Hi all, and yes, I’m back. Life happened, between my primary job, my weekend job/volunteer activity, and simply surviving the first two months of school have left me worn out. But I’m back, and finally in the mood to write. To be honest, I wasn’t happy with where some parts of the story were going. Or not going. Or something like that. So I skipped a few chapters. I’ll come back at the end, when I see how the story flowed and how I can build upon it/shore up some foundations.
In other news, it appears I’ll be part of another Steampunk Extravaganza! Super pumped for this! Last time I dropped the price on Brass Legionnaire to 99 cents for a few weeks. I’ll have to see what I want to do this time ;-).
In the meantime, enjoy this ‘rough cut.’ PS If you closely examine the picture above, you’ll be able to find the location of our current scene 🙂The Mongol patrol cantered along the western route of the Via Aegyptus. To their left lay the Mare Mediterranean, to the right rose the eastern branch of the Tarsus mountain chain, neatly dividing Anatolia and Mesopotamia. The familiar clop-clop of horses’ hooves reached their ears as they approached a bend in the road.
Their war leader stopped for a moment, quickly motioning his men to fan out. Horsemen cantered into the trees, while others quickly loaded their wicked recurve bows. A rider appeared in the moonlight from around the bend, dressed in the same hybrid of Persian and Nomadic styles of clothing.
The war leader chuckled for a moment, calling out what was probably a greeting. The rider waved and spurred his horse ahead, waving his hand and pointing behind him, calling out in Persian. The Mongol cocked his head and asked another question in slow, rusty Persian, no doubt mistaking the man for one of the many new recruits in their army. Babbling in Persian, the scout rode closer, until he was no more than a few feet away from the war chief.
At that moment, the man pulled out a hand-repeater and shot the warchief in the chest. With an oof, the man slumped to the side, his feet still stuck in his stirrups. All around them, Roman scouts and legionnaires launched the ambush, arrows appearing from the darkness and slicing into men and horses. Cries of alarm and battle arose, and then, just as quickly, ended. A few grunts or low murmurs of pain were all that remained as the Romans dispatched the few surviving wounded Mongols.
“Did any get away?” Constantine asked from his viewpoint a few hundred feet away. He handed his spyglass to an aide, who carefully secured it.
“We cannot be sure, my general.” The scout centurion replied. “Most likely, at least one got away. We probably won’t be able to pull that trick on them again.”
“That’s true, but it should still slow them up. In the meantime, we’ll press ahead with the legions I have here. Do we have any word on the situation in Alexandria?”
“No sir, the telegram appears to have been cut, and they haven’t responded to wireless messages.”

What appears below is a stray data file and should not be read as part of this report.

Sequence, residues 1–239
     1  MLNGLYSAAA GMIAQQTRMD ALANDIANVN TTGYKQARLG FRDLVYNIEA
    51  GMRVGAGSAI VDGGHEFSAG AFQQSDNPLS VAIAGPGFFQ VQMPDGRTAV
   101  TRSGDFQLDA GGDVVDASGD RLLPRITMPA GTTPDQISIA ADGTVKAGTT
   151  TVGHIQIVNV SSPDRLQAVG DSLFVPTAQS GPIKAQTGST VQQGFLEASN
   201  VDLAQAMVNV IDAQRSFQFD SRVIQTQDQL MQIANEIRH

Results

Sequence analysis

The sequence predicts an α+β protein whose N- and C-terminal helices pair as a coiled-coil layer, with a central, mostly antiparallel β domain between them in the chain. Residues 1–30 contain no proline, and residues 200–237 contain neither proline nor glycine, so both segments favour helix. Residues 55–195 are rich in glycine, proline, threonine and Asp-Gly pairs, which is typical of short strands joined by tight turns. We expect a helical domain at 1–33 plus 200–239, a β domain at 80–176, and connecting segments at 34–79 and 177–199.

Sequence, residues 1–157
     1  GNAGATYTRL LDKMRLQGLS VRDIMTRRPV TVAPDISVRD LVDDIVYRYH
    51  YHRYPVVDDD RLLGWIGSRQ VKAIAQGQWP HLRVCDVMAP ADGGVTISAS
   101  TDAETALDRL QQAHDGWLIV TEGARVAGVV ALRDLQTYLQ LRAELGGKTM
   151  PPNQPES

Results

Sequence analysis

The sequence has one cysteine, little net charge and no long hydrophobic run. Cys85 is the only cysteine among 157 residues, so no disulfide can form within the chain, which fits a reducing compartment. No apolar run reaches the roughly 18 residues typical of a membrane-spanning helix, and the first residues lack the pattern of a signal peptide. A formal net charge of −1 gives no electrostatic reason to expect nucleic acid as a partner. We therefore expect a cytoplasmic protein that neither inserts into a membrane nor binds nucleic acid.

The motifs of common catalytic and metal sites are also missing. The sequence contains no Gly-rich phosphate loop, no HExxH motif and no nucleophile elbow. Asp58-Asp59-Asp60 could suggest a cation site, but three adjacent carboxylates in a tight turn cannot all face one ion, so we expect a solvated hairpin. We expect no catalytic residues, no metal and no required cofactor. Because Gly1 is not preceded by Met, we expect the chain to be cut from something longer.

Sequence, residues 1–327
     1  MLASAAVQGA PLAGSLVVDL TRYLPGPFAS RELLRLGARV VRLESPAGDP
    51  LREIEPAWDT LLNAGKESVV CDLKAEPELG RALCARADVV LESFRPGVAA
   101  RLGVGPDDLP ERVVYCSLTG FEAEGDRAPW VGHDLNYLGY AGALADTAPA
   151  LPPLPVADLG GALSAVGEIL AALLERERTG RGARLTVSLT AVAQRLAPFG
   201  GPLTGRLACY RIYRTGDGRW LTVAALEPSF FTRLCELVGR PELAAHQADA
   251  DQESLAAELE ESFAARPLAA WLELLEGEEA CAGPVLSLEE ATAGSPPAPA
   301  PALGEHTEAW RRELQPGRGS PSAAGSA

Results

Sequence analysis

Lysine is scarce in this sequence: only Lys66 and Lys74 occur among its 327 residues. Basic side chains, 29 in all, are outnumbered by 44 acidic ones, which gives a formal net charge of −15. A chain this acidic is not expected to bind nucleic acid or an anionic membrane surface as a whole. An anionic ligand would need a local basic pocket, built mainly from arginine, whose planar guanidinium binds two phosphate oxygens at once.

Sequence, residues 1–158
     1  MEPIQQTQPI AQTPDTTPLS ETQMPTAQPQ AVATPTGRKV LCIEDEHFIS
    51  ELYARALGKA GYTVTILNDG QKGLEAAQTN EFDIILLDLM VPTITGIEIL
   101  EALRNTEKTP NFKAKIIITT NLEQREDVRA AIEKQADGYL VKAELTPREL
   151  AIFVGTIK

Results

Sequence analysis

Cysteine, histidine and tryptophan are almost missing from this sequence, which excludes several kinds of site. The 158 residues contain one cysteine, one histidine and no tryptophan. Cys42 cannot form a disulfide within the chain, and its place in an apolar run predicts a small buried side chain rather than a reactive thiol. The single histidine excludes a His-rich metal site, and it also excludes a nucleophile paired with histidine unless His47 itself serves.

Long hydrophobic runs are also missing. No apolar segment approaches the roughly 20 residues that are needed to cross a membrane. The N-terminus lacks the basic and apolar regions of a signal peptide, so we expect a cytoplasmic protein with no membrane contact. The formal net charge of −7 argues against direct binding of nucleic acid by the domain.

“Very well. Push your scout screen as far forward as possible. We’ll bring up my legions and encircle the city from north to south. The Mongols will either be trapped against the walls or find themselves under siege.” Constantine laid out a string of orders to his messengers, who galloped off into the night.
“Oh, and centurion? I want new procedures in place for identifying our own scouts and messengers. I do not want our own tricks finding their way into the Mongols’ manual.” The officer saluted and trotted away. Besides him, Commander Murtes stirred slightly.
“Commander, if your body could talk, I’m fairly certain it would have been screaming in frustration by now. I already know how you feel about my choice to split our forces.” Murtes made an abortive gesture with his arm in response.
“My Primus, are you certain it was wise to split our army? We’re already outnumbered by an enemy by at least three to one, and that’s being generous with whatever local levies, militia, and surviving legion units we can locate.”
Constantine smiled at the older man.
“Logistically, it’s the best move we can make. We needed to secure Germanicea and Cyrrhus. With those locations locked down, especially Cyrrhus, we control the grain reserves east of the Tarsus mountains. Second, we also remind the local populace that we are still in control, raising spirits and gathering militia and the local tagmata.”
“The tagmata have not been called out in years.” Murtes interrupted his commanding officer unabashedly. “How many of these local cataphracts actually have the proper amount of training?”
“It doesn’t really matter at this moment, Andronikos. We gather then and dispatch them to Tarsus for training. Between them and the additional Fertrata V and Fulminata XIX legions joining us from Pontus and Armenia, plus our own newer legions still being trained, we should have a sizable third army ready by this time next year.”
Murtes sallied forth again.
“Sir, the Mongols must know of our plans by now. Their skill at taking the eastern forts indicates an extremely well informed and skilled espionage force.”
“I am aware of that possibility, but also foresee another possible reason for the Mongols striking success in that area. Greed and corruption. I would strongly bet that the governors of Phoenice, Osrhoene, Euphratensis, and Syria Salutaris were probably bribed, extorted, or perhaps simply had their entire administrations infiltrated. If I had to bet, I would surmise that the governors of Euphratensis and Syria Salutaris are the most likely candidates. Both Edessa and Damascus are still resisting Mongol sieges, and are the northern and southern flanks, but not directly in the path, of the invasion.”
Murtes draw dropped for a moment. “I knew there was corruption, my lord, but this goes beyond anything I can imagine.”